More Cool Collocations

Last week I began what looked like the beginning of a long list of collocations. but I promise you, I won’t drag this on forever. For those of you who missed that edifying lesson, a collocation is not a vegetable you steam and eat with butter. A collocation is a word pairing, and there are certain verbs that should be paired with specific prepositions. So here are some more collocations—which might be fun to eat while munching on a green leafy vegetable:

  • Center upon: Center your attention upon his theme.
  • Cause for: This is no cause for alarm.
  • Compatible with: She is not very compatible with her boyfriend, in my opinion.
  • Consideration for: You should have consideration for others.
  • Consideration of: In consideration of the circumstances, maybe you should leave.
  • Depends on: That depends on whether or not he is telling the truth.
  • Depends upon: His life depends upon his telling the truth.
  • Differ from: You differ from me in looks.
  • Differ with: I beg to differ with you.
  • Enamored of: He is enamored of his fiancee (bet you didn’t know this one).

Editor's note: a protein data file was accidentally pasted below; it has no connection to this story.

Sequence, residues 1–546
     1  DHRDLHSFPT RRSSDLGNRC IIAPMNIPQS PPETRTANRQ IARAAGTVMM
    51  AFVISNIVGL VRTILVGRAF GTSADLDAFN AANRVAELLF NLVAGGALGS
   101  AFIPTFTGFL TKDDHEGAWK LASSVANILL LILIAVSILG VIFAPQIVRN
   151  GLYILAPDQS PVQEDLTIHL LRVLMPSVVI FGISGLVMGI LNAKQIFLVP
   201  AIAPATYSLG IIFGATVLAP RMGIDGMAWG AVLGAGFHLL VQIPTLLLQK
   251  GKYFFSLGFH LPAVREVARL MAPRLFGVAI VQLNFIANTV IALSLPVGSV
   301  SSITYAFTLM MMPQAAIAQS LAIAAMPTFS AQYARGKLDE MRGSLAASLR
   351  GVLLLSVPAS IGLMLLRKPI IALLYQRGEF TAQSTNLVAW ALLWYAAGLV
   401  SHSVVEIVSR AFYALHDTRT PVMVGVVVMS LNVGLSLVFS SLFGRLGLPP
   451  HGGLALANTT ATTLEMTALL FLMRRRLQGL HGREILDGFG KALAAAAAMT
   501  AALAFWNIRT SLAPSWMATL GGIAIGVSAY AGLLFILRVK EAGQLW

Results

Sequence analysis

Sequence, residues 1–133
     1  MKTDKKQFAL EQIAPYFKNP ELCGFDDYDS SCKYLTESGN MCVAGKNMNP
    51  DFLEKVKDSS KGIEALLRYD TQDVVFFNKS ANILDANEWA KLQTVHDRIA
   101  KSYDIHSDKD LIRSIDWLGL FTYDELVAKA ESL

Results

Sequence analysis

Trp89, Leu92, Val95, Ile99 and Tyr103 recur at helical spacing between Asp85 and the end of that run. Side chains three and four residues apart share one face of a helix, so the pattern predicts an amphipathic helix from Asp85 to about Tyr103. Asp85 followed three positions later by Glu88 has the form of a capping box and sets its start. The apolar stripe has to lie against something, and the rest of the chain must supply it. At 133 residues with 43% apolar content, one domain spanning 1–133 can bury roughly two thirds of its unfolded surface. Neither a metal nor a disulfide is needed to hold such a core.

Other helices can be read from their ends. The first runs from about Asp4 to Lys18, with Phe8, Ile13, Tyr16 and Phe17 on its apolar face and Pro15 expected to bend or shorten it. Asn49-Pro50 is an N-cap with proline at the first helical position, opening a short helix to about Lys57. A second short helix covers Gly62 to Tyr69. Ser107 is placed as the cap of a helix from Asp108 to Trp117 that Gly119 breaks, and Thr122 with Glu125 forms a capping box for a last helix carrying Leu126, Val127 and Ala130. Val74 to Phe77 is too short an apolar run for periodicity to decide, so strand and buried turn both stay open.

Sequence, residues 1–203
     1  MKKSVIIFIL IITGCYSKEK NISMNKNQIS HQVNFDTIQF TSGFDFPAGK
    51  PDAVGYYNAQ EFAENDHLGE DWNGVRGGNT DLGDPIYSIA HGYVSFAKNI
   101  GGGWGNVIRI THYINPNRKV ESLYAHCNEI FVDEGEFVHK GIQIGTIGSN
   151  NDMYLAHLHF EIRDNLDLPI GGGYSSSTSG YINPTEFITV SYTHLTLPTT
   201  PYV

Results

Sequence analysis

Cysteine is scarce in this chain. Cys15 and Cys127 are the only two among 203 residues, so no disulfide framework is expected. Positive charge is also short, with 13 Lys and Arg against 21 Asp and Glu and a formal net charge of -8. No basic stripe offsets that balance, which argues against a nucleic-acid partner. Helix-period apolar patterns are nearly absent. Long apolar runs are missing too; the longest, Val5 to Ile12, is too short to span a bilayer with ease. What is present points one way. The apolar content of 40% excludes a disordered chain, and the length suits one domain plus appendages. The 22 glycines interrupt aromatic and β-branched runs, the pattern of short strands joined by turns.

• Incorrect in: She was incorrect in her answer.
  • Oblivious to: You are oblivious to my needs.
  • You can preside at or over a meeting.

You can now jump at the chance to stop reading this, but don’t jump to conclusions thinking this is the last you’ll hear about collocations. However, rest easy—I am done for now.

4 Responses to “More Cool Collocations”

  1. Christine Goodnough June 21, 2013 at 6:41 am #

    I’ve tutored immigrants and see how these collocations can be such a pain. I’ve also studied French and that language has just as many. Oh, are they a pain! Get it wrong and the whole meaning of your sentence can change.

  2. Jessica Flory June 21, 2013 at 10:43 am #

    Haha very nice post! And extremely helpful. These are so easy to mess up.

  3. Sandy June 21, 2013 at 2:05 pm #

    I love your blog and always enjoy your insights into writing and language. ?This article brought up a few things for me. Upon, to me, is seldom used these days. Depends on is more common and less stilted. And whether or not is a redundancy that most grammarians recommend not using. Whether stands alone: That depends on whether he is telling the truth. Just letting you know I read the post. 🙂

  4. Lizzy July 5, 2013 at 10:38 pm #

    Thank you for posting this. It is much easier to improve grammar in bite-size pieces like this article rather than memorizing a book.

    I’m a new fan to your site. 🙂

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